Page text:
Fortunately, the bulk of this high margin non-wireless business will be available for us in Q1. In addition, we successfully added new wireless customer during Q4 that will ramp up hard in 2007.

The second business segment is the emerging MirrorBit ORNAND solution business for wireless that jumped from less than $5 million of revenue in Q3 2006, to more than $60 million in Q4, primarily in Japan.

As forecasted, this higher margin business was impacted at the beginning of the quarter with non-recurring startup costs related to the abrupt ramp up. The current cost structure for MirrorBit ORNAND based solutions is very competing, and we have a strong backlog to grow our business in the higher end wireless segment, first in Asia, then in the rest of the world. Additionally, we already have working 65-nanometer wireless ORNAND devices in Fab 25 and intend to apply it as soon as possible to enrich our solutions and further improve our margins.

The third segment, our embedded CSID business, grew also to about $260 million, further gaining share, in particular, taking away high density sockets away from competitions, in a very aggressive pricing environment. While Q1 is typically seasonally down for the embedded market, our strategy is to push harder on higher density MirrorBit, 256 megabit, 512 megabit and 1-gig product in all regions to mitigate these seasonal effects.

Altogether, the combination of the three segments, produced a down quarter for the gross margin, as the strong MirrorBit ORNAND and embedded businesses were not able to offset the sharp drop in the traditional wireless NOR business.

Let us now reflect the overall performance for the entire 2006 year. Spansion's revenue grew 29% compared with 2005, up almost $600 million year-on-year, while reducing operating losses at [custom] parameters by approximately $200 million. Excluding stock options, accumulative operating losses for the entire year were below $80 million. We continue to gain NOR segment share in 2006, as both businesses were up 5% in share over 2005, and we leverage MirrorBit sales that jumped from approximately $460 million in 2005 to $1.3 billion in 2006, and reached 63% of net sales in Q4.

Due to highly disciplined cash management, prudent spending on SG&A and R&D, reduction of inventory, and improved DSO and completion of term loan, we positioned the enterprise to end the year with almost $900 million in cash.

Based on strong demand in 2006, we are now accelerating the ramp-up of a highly competitive Spansion One, 300 millimeter facility that we intend now to use at 65-nanometer in the second half of the year, then quickly transitioning to 45-nanometer and 4-bit-per-cell in 2008. We firmly believe that such a strategy will position us as the clear industry leader in NOR segment of the flash market, in market share, in technology leadership, and in cost structure.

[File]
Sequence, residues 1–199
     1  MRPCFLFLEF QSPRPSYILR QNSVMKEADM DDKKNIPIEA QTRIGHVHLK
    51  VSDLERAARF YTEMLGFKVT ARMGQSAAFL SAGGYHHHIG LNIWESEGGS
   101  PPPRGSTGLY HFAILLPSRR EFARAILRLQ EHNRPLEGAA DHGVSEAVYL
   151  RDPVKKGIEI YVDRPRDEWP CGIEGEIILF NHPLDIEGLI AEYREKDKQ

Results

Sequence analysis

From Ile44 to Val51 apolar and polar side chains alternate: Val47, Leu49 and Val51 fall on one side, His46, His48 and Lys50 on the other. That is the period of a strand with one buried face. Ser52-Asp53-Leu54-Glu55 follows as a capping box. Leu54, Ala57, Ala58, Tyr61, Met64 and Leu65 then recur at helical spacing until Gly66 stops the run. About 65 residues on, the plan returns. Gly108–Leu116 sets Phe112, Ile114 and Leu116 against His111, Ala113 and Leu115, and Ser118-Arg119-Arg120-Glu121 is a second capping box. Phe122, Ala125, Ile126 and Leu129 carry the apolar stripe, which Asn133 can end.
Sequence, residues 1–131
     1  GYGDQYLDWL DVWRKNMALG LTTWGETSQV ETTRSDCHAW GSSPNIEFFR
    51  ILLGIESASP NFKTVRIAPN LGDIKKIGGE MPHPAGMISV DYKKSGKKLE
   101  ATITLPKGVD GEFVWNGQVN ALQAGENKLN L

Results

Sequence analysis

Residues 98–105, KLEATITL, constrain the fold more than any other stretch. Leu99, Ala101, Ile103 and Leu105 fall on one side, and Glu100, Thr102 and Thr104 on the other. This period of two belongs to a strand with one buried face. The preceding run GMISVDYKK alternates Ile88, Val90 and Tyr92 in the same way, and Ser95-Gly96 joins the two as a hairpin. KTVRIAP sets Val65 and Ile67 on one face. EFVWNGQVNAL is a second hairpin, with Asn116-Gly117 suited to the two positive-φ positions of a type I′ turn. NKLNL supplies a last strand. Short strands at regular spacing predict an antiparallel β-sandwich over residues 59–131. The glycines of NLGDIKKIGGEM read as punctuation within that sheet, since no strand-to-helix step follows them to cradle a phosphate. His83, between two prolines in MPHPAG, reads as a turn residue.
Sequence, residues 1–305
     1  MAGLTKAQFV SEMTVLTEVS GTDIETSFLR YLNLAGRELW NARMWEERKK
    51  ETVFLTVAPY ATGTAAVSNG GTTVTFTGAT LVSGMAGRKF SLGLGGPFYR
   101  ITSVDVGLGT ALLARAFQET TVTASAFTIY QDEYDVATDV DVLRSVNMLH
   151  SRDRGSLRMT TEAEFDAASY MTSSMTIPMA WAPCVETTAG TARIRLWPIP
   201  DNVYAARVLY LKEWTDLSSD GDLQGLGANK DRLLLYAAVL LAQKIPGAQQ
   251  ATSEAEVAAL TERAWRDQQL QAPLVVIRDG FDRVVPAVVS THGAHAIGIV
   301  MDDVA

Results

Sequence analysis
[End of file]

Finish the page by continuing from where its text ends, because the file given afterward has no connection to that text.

With that I'd like to turn over the call to Dario, our CFO, to discuss our financial performance in greater detail. Dario?

Dario Sacomani

Thanks, Bertrand and good afternoon everyone. I'd now like to review the specifics of our P&L performance for the quarter. Specifically, net sales for the quarter were $687 million, up 16% or $95 million versus Q4 of 2005 and up 2% versus Q3 of '06. Gross margin for the quarter was 19% compared with 21% in Q3 and a 16% gross margin in Q4 of 2005.

As Bertrand mentioned, the gross margin decline was directly impacted by the postponement of higher margin wireless NOR products, and aggressive pricing environment in embedded, we sled to an overall lower margin product mix in Q4 of '06. While our margins for the MirrorBit ORNAND solutions were strong at the end of the quarter, the steep learning curve associated with our ramp at the beginning of Q4 kept this from offsetting the loss of the higher margin, high density custom solutions that Bertrand discussed earlier.

With the improved MirrorBit ORNAND learning curve through the fourth quarter, we expect this to have a positive impact on the Q1 2007 margins. Additionally, we believe that increased sales of our 90-nanometer products and improvements in our test costs will also positively impact our gross margin in Q1, slightly offset by typical Q1 seasonality.

Research and development expenses were $81 million compared to $90 million last quarter. The reduction in R&D expenses was due our successful sale and recycling of our 200 millimeter equipment, as well as option expense adjustments. On a normalized basis, R&D expenses would have been $93 million, in line with our expectations.

We expect our R&D investments to remain flat through 2007 as a percent of revenue, as we accelerate our 300-millimeter, 45-nanometer, and 65-nanometer initiatives. Q4 sales marketing, general and administrative expenses were $64 million, up $2 million compared to the previous quarter. We expect that Q1 SG&A expenses will be down slightly on an absolute basis.

Net interest expense for the quarter was $13 million, up from last quarter due to the closing of our term loan in November. We anticipate that net interest expense will rise as we go through 2007.

Taxes for the quarter were a benefit of $3 million, as we made yearend adjustments to our allowances. Q4 net loss was $25 million. This compares with a loss of $48 million in the fourth of 2005, a year-over-year reduction of 47%. Q4 loss per share for the quarter was $0.19.